Freelancing is a mixed bag of blessings and challenges. One day, everything is hunky dory when you love what you do. The next day, it all feels just a bit …. too much.
How can you beat negativity and forge on ahead regardless?
Set the right priorities (and stick to them)
I remember when I started freelancing (many moons ago), I was happy to take on whatever work came my way, regardless of the pay or the project. As a result, I ended up overworked, overwhelmed and underpaid.
Today, I’ve learned a trick or two to help me prioritise what’s more important to me.
- I now have a (secret) ideal day rate. Whenever a project comes along, I calculate whether it will generate a return on investment. If it doesn’t, it’s not for me!
- I also have a very firm notion of the type of projects that will or won’t suit me personally. You know that nagging feeling you get when something doesn’t feel right? I’ve learned to listen to it, because your first instinct is usually the right one.
Set firm priorities for your working day and stick to them. It’s slightly easier to beat negativity when you have specific milestones to achieve.
Adopt a daily positive affirmation
Positive affirmations are powerful assertive phrases that you adopt and repeat regularly to overwrite negative, self-limiting beliefs.
I say mine as soon as I wake up in the morning, to set my mood for the day.
Try Power Thoughts: 365 Daily Affirmations by Louise Hay. It’s not a new book, it was first published in 2005, and there are similar books on positive affirmation which I’m sure are just as effective. The key is to keep your affirmations positive and in the present tense, such as:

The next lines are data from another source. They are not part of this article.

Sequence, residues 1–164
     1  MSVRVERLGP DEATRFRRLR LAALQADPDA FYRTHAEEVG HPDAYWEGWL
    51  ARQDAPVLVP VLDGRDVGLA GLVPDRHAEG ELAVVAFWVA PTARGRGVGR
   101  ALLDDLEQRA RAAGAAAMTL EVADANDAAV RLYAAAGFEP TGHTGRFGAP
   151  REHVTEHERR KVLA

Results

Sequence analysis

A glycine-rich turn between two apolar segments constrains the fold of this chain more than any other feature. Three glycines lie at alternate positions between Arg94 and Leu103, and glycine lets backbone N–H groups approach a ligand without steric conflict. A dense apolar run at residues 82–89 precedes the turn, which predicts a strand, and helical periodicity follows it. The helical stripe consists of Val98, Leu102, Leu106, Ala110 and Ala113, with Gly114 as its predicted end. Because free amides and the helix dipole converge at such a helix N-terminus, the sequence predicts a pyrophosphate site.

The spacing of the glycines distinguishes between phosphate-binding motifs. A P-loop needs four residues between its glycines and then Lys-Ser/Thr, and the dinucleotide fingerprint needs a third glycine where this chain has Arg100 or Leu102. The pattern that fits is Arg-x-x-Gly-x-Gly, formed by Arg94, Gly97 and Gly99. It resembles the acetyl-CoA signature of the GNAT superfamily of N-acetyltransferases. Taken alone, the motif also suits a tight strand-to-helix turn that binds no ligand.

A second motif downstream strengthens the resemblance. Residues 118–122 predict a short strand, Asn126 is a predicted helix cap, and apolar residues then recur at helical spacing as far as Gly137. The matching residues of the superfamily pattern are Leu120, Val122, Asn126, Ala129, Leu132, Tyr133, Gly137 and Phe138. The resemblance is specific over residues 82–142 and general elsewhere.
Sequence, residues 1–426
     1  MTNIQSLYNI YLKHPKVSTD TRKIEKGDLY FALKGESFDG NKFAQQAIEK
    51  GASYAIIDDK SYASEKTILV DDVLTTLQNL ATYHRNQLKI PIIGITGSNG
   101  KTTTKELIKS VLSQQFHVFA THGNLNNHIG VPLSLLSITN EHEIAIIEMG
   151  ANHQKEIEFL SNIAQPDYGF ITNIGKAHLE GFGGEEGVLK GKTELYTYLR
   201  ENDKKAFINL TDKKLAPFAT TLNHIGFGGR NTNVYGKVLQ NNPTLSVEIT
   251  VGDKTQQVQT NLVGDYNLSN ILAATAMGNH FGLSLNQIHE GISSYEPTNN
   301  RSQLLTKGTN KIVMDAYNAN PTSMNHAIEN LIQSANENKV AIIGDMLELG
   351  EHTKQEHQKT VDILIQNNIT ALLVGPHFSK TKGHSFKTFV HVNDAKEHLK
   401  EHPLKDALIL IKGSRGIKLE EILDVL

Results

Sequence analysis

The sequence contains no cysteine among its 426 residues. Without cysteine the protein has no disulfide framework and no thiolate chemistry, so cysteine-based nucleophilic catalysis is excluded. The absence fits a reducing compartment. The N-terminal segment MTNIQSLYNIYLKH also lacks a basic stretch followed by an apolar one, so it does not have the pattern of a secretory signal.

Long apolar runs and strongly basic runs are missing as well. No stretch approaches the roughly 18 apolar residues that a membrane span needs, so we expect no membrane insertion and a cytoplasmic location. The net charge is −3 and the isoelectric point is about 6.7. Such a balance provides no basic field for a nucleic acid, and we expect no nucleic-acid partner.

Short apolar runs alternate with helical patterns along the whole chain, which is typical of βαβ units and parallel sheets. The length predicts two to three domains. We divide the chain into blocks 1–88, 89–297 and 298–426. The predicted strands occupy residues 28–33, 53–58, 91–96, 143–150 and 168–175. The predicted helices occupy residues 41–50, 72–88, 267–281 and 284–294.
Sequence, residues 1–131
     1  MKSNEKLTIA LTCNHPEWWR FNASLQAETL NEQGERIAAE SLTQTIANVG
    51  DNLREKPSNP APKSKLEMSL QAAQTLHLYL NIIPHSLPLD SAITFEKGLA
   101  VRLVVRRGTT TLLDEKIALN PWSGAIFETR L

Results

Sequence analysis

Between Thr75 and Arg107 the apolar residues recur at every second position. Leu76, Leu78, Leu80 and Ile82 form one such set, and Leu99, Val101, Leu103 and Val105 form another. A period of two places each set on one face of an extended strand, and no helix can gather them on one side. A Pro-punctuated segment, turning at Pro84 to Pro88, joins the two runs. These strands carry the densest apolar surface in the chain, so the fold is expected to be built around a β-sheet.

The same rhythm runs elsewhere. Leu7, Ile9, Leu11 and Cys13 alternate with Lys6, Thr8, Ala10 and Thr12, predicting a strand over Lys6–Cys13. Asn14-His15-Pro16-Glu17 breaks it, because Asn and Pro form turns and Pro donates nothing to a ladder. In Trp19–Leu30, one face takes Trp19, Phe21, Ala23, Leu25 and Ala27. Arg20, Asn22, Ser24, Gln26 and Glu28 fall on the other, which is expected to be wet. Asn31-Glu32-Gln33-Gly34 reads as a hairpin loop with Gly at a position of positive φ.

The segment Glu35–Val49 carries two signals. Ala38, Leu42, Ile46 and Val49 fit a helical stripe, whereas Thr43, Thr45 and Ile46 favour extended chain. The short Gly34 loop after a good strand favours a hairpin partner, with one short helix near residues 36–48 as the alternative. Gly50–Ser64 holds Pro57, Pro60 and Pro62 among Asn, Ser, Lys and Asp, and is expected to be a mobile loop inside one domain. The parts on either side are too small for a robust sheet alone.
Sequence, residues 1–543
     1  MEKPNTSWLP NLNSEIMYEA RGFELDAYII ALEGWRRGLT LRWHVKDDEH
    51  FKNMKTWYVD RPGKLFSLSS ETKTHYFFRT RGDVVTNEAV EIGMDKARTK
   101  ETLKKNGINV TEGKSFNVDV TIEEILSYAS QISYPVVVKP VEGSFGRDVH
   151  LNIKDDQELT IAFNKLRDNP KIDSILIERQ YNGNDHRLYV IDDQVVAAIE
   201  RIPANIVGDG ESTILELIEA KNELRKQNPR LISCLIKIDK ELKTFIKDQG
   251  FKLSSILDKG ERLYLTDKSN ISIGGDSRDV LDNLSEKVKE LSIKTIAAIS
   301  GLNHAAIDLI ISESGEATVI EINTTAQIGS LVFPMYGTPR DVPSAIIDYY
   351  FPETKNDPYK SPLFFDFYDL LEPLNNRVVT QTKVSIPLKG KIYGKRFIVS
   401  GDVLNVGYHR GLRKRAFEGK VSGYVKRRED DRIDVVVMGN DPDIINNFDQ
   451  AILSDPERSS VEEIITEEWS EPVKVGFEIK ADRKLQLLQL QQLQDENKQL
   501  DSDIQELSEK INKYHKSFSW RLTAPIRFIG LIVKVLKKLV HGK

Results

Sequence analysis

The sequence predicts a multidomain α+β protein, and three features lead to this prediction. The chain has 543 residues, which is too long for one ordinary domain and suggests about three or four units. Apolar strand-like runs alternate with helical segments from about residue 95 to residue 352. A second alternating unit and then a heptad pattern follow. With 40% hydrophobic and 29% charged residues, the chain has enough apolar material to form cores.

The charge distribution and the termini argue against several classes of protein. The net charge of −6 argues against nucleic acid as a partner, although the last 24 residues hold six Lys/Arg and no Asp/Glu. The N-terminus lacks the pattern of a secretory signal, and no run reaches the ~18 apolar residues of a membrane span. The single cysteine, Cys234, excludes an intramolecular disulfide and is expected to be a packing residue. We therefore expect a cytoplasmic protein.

“I am a creator with amazing talents… I will create something beautiful today.”
Create your own affirmation by visualising exactly what you want (see yourself doing it) and then write it down. The very act of writing something down forces you to be specific. Once its down on paper, stick it everywhere as a reminder – on your dressing table mirror, on your fridge, on your bathroom mirror, everywhere – and say it out loud to remind yourself just how important this is to you.
Don’t compare yourself to others
Yes it’s good to scout out the competition (occasionally) to keep an eye on the market. But you don’t need to get all hung up over it. If you’ve found your niche, it doesn’t matter what the competition is up to. Your niche is precisely that, yours. No-one can do what you do, quite like you.
Don’t compare yourself to others to the extent that you allow negative feelings to drag you down. Instead, draw inspiration from others. Have they overcome similar trials? How so? What can you learn from them?
No-one knows what they’re doing all of the time! We’re all muddling through the best way we can, picking up skills here and there, while learning on the fly. If you are lacking in something, use it as an opportunity to continue learning and growing in your field.
Celebrate your successes
I’m a voracious note taker. I don’t think I’d survive without my notebook and pen. I jot down everything from random words in speech bubbles, to more coherent ideas, to logical structured ‘To Do’ lists.
The reason note taking is so important to me (other than for obvious reasons as a writer and researcher) is because every once in a while, I annotate what I’ve accomplished with a yellow highlighted “YAY!” I look forward to my “YAYs”. If I feel I’ve gone far too long without one, I scour my notes again just in case I’ve forgotten something. I *will* inevitably have forgotten something, which is a great opportunity to remind myself how well I’ve done (YAY!)
Celebrate how far you’ve come, look back on your triumphs, re-read your testimonials or reviews, anything to lift your spirits.
Nothing lifts your spirits more than seeing in writing how brilliant you are.
What tips would you add?